Skip to main content
Part of complete coverage on

See-through cabins and passenger pods: Is this the future of flight?

By Katie Pisa and Tracey Hobbs, for CNN
updated 11:59 AM EDT, Thu June 5, 2014
  • Aviation's future must be efficient, greener and easier as air traffic grows
  • Just 1% greater fuel efficiency means millions in savings for airlines
  • Cabins with glass-top ceilings are part of the Airbus vision

CNN celebrates 100 years of commercial aviation with a week of programming presented by resident travel expert Richard Quest.

Toulouse, France (CNN) -- The disruptive days of thunderous, fuel-guzzling planes hovering in our skies could be a thing of the past. So too could the tortuous queues and endless boarding process, if futuristic flight concepts become reality.

Since the first commercial passenger flight in 1914, 65 billion passengers have taken to the skies and another 65 billion are expected to do the same before 2030. And experts say efficient, greener performance is what will steer aviation into the next century.

Read: How airlines make 'less than $6 per passenger'

"A major breakthrough in an airliner will bring half a percent, 1% greater fuel efficiency, which doesn't sound like much -- but to an airline, it's huge. It's millions of dollars (in savings) a year," said Robert van der Linden, chair and curator of air transportation at the Smithsonian Institution National Air and Space Museum.

The Airbus A380 is the world's biggest passenger aircraft, and its future depends on constant redevelopment and improving performance.

100 years of commercial aviation
DC-3: WWII workhorse & commercial legend

The energy problem is one of the major drivers for the company, Gregor Dirks, corporate innovator for Airbus, told CNN's Isa Soares. "We have to do something about it. Reducing fuel burn is one way, and we have been very successful in the past."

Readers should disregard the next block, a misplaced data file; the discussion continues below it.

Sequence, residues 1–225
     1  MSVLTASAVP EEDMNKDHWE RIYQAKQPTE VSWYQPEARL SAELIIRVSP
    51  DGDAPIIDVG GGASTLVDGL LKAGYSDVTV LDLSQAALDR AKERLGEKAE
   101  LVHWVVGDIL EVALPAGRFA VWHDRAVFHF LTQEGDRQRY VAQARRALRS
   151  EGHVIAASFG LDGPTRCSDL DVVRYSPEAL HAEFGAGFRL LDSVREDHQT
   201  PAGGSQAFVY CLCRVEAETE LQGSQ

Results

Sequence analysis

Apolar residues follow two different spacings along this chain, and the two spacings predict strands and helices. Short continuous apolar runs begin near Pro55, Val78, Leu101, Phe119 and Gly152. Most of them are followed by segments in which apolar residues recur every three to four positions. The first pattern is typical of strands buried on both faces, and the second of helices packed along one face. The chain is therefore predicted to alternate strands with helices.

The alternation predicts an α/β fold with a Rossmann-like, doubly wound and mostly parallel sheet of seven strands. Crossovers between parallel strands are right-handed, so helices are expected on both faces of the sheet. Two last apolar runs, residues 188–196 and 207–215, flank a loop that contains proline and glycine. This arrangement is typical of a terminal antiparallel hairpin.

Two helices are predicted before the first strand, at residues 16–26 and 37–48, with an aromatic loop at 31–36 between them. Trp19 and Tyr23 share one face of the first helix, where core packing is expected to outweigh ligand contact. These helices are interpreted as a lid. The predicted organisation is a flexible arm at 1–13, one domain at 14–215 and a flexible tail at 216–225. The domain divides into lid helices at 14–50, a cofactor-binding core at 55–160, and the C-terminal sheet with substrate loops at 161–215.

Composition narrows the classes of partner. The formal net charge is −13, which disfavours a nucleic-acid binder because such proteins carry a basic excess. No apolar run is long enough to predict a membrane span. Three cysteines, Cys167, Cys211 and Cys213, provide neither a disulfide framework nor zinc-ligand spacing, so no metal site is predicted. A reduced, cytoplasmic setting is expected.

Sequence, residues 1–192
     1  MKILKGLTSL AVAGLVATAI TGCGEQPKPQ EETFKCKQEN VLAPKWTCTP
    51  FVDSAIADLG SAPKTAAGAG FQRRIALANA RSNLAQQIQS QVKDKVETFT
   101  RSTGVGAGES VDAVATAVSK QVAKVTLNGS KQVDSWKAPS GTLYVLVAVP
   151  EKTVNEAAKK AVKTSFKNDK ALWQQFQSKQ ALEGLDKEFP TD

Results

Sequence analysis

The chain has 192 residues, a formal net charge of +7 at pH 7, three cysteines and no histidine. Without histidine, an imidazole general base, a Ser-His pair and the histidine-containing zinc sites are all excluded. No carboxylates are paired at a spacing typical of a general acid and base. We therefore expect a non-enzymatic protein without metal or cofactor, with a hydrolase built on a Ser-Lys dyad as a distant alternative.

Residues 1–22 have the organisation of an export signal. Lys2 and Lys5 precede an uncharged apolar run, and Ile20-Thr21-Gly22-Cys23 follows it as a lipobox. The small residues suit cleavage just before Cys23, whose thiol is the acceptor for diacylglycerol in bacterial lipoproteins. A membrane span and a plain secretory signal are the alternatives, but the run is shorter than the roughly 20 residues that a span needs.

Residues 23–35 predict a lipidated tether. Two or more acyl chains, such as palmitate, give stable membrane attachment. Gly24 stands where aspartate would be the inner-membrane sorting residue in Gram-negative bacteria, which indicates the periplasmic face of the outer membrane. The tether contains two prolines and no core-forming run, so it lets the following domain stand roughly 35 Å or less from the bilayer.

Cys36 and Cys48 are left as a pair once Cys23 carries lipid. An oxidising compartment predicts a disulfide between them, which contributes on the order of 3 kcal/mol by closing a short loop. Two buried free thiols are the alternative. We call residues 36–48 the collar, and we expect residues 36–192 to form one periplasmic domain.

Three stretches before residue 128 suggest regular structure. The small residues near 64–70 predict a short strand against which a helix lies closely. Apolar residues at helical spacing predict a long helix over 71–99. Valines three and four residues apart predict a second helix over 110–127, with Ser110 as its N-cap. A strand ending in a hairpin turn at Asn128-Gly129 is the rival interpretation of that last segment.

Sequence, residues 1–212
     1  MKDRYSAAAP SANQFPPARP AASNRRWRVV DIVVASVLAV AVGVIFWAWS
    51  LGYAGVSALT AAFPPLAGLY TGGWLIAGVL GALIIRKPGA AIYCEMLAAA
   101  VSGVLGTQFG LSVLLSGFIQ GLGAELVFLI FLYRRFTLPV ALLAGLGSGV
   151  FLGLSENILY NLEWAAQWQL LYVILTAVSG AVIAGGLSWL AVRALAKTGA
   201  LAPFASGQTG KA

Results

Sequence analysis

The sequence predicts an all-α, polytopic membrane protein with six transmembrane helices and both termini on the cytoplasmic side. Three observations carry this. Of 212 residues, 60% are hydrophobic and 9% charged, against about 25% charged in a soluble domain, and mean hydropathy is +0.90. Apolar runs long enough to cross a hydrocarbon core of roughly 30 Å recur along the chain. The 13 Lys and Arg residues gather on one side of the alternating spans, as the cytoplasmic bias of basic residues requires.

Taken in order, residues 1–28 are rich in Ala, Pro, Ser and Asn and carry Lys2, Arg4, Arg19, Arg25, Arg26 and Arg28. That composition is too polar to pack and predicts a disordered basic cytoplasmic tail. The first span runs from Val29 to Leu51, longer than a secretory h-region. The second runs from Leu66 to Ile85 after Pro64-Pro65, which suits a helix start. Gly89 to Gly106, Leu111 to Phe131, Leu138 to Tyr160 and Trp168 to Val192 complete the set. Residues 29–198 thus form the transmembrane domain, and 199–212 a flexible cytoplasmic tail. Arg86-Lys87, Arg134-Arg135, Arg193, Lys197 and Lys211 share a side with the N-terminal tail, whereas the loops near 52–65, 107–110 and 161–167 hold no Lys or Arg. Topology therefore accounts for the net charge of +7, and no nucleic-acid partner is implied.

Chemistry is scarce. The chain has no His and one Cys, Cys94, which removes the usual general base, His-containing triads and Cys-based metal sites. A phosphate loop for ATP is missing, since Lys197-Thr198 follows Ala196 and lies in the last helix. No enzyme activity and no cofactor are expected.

The Airbus vision of the future can be seen through its concept plane design, which is packed with the stuff made of engineering dreams.

Read: How cool is the airplane of the future?

One concept feature is dubbed "eco-climb," where take off is assisted by propelled acceleration for a steeper climb, so that planes reach efficient cruise altitudes sooner. In the concept cabin, seats will use body heat to power aircraft systems such as holographic pop-up pods, while a futuristic cabin membrane can become transparent to give passengers open panoramic views.

What's more, Airbus has radical ideas for speedier boarding.

"We could think about city center check-in and actually transport little pods to the airport where the passengers are already in and just slide the pod into the airplane," said Dirks.

Some of the full-blown features of the Airbus concept plane will become a reality later this century, according to Dirks, but parts of the vision are already being implemented in the current fleet. Titanium brackets used in the cabin have been made using 3-D printing, reducing the weight of the parts, and allowing the manufacture of "organic" shapes that would otherwise be too expensive to produce.

"This is going to be a big revolution in manufacturing," predicted Dirks. "Passengers won't see it much but they get more choice and they got it cheaper and earlier."

Part of complete coverage on
Across the Skies
updated 4:30 AM EDT, Tue July 8, 2014
It's 100 years since a "flying boat" made the first scheduled commercial flight. Here's how times have changed.
updated 11:59 AM EDT, Thu June 5, 2014
Could air passengers of the future board planes via personal transport pods?
updated 10:20 AM EDT, Wed June 4, 2014
One of the longest-used airliners ever, the Douglas DC-3 nears 80 years in the air as an aviation icon.
updated 10:22 AM EDT, Tue June 3, 2014
Airlines are making record amounts of money -- but profit margins are still tight.
updated 7:29 AM EDT, Tue June 3, 2014
Airlines are having to constantly evolve to stay afloat in the high-stakes world of aviation.
updated 8:06 AM EDT, Tue July 8, 2014
Perhaps nothing illustrates the ambitions of the Gulf carriers so much as the swift expansion of their route networks.
CNN celebrates 100 years of commercial aviation with a week of programming presented by resident travel expert Richard Quest.